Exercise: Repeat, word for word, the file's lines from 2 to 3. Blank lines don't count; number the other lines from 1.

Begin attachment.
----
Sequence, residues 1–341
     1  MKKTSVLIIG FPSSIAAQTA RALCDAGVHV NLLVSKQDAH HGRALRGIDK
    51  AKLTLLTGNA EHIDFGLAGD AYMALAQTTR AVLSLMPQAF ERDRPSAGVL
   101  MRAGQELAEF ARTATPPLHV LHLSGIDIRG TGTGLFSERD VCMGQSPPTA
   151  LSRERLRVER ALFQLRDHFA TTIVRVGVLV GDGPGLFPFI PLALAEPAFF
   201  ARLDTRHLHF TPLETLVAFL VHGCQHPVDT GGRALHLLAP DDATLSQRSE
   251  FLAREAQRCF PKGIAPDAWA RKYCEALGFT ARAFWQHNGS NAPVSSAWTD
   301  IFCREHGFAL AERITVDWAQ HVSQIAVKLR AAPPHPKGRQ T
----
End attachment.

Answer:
     1  MKKTSVLIIG FPSSIAAQTA RALCDAGVHV NLLVSKQDAH HGRALRGIDK
    51  AKLTLLTGNA EHIDFGLAGD AYMALAQTTR AVLSLMPQAF ERDRPSAGVL